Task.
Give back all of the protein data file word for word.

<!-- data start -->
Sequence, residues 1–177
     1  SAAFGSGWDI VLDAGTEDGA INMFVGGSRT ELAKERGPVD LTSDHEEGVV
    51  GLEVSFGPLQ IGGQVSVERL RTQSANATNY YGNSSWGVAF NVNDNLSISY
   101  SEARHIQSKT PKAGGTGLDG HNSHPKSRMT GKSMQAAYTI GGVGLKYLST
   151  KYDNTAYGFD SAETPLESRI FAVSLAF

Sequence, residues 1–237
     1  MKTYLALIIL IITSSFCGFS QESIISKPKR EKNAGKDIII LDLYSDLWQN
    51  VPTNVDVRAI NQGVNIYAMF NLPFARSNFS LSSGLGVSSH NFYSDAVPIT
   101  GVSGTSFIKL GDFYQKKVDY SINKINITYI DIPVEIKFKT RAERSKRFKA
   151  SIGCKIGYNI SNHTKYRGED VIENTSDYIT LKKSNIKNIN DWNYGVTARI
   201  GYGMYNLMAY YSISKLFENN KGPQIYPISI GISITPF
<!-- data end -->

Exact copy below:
Sequence, residues 1–177
     1  SAAFGSGWDI VLDAGTEDGA INMFVGGSRT ELAKERGPVD LTSDHEEGVV
    51  GLEVSFGPLQ IGGQVSVERL RTQSANATNY YGNSSWGVAF NVNDNLSISY
   101  SEARHIQSKT PKAGGTGLDG HNSHPKSRMT GKSMQAAYTI GGVGLKYLST
   151  KYDNTAYGFD SAETPLESRI FAVSLAF

Sequence, residues 1–237
     1  MKTYLALIIL IITSSFCGFS QESIISKPKR EKNAGKDIII LDLYSDLWQN
    51  VPTNVDVRAI NQGVNIYAMF NLPFARSNFS LSSGLGVSSH NFYSDAVPIT
   101  GVSGTSFIKL GDFYQKKVDY SINKINITYI DIPVEIKFKT RAERSKRFKA
   151  SIGCKIGYNI SNHTKYRGED VIENTSDYIT LKKSNIKNIN DWNYGVTARI
   201  GYGMYNLMAY YSISKLFENN KGPQIYPISI GISITPF